By Jordan Wright (Photo/Matthew Randall)
The South of playwright Tennessee Williams was a passionate, yet unhurried, hotbed of emotion.
His characters were real — too real for some when “A Streetcar Named Desire” premiered on Broadway in 1947 — but nonetheless part of the daily fabric of life. With this work, Williams cracked open the Pandora’s Box of life’s countless miseries and shone a light into the destructive relationships women enter into and the ways they deal with the evil things men do.
Though considered radical in its day, the play’s themes of homosexuality, immigration, race, class and domestic violence remain relevant today. Despite major advances in all those areas, we are still grappling with these issues.
How these underlying themes and intense emotions are explored in the play is riveting in a perverse sort of way. The Little Theatre of Alexandria’s rendition of the classic is poignant, tragic, relevant and grotesquely intimate all at the same time.
When faded southern belle Blanche arrives at her sister’s two-room apartment in New Orleans with a suitcase full of feather boas and heartbreaks, she crosses paths with Stella’s lowlife of a husband, Stanley Kowalski, a Polish factory worker who is light-years removed from the sisters’ highborn upbringing. Blanche is shocked to see her sister married to a man as abusive and uncultivated as Stanley.
“He’s a different species,” Stella explains.
Blanche tries to win Stanley over with her feminine wiles and upper class charm, but he does not buy it, or her excuses for forfeiting her family’s plantation home. Both Blanche — who uses fantasy and seduction to cope with life’s disappointments — and Stella, who confuses brutality with love, allow Stanley to dominate them.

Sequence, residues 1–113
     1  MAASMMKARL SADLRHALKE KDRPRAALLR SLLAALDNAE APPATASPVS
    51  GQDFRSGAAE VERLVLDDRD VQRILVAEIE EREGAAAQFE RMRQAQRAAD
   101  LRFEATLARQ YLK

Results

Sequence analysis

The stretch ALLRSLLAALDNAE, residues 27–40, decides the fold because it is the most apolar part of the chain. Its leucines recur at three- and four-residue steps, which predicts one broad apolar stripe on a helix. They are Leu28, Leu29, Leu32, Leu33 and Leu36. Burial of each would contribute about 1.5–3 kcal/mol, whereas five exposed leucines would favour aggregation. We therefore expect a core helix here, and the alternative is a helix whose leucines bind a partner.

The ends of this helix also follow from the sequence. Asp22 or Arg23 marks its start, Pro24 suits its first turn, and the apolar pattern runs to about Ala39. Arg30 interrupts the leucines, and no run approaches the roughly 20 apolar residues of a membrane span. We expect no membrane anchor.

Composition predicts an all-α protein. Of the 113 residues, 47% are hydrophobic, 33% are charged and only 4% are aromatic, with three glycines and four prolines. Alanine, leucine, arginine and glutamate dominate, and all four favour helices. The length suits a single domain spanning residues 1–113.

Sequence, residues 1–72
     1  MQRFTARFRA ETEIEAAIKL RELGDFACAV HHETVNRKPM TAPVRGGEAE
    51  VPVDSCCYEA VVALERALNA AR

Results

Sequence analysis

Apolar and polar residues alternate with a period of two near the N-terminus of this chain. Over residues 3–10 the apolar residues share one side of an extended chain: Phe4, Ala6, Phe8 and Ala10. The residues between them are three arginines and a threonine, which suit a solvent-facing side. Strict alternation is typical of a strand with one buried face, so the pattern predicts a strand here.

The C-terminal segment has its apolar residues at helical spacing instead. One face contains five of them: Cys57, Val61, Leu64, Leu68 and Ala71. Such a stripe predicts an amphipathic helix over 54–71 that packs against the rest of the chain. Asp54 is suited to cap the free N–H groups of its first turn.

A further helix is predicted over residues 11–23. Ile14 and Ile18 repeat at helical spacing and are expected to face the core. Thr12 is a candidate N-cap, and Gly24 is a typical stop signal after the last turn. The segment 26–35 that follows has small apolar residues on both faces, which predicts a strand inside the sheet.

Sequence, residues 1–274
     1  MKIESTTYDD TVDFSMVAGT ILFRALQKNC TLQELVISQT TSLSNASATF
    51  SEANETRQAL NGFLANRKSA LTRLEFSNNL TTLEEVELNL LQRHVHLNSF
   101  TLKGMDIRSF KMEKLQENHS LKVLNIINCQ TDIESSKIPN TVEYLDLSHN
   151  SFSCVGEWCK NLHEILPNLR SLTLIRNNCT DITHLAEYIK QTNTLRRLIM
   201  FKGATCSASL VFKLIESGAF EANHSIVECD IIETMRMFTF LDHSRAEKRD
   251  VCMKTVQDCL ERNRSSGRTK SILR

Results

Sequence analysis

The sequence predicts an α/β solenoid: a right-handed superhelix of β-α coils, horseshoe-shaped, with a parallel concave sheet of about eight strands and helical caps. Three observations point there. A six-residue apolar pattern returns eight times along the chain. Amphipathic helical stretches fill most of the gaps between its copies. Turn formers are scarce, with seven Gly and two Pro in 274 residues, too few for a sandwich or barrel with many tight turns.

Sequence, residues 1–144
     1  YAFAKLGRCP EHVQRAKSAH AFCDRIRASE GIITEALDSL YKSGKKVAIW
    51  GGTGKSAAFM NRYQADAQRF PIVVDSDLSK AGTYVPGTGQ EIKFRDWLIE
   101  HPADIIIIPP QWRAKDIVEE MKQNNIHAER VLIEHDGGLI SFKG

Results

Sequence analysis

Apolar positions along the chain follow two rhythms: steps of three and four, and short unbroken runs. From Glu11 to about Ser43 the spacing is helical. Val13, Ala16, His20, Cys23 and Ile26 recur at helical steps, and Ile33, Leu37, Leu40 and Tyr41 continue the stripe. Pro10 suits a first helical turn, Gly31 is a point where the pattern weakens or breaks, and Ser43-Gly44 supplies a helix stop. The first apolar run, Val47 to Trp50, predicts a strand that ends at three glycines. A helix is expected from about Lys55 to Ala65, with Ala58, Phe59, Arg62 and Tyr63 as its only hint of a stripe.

Anna Fagan plays the submissive Stella, approaching the duality of her character’s Stockholm Syndrome-like condition with a blend of subtle poise and ferocity. Yet it is Jennifer Berry as Blanche who has the most quotable lines. Berry does a fine job of portraying her character as flighty and vulnerable, giving a creditable portrait of a woman clawing her way out of desperate circumstances.
“I haven’t been so good, these last few years,” she admits when accused of debauchery.
Unfortunately, Camden Michael Gonzalez seems miscast as Stanley. In a role that demands more complexity than a one-dimensional portrait of a brute, his interpretation of the character lacks pathos and gravitas. Surprisingly, the lesser role of Blanche’s suitor Harold “Mitch” Mitchell, as played by Marshall Shirley, shows greater depth.
Baron Pugh’s clever set design of the apartment’s soulless interior is framed by a two-story muslin scrim that soft-focuses the outside world, yet lets in music and the sights and sounds of the mean streets (regrettably, the din is often easier to hear than the actors’ lines). Another wrinkle in this production is its hurried pacing, which feels more like being in the industrialized North than the calmer South.
Even so, for those who have never experienced one of Williams’ plays, the searing action, plot twists and memorable lines are eternally delicious.
“A Streetcar Named Desire” runs through September 28 at The Little Theatre of Alexandria, 600 Wolfe St. For tickets and information call the box office at 703-683-0496 or visit www.thelittletheatre.com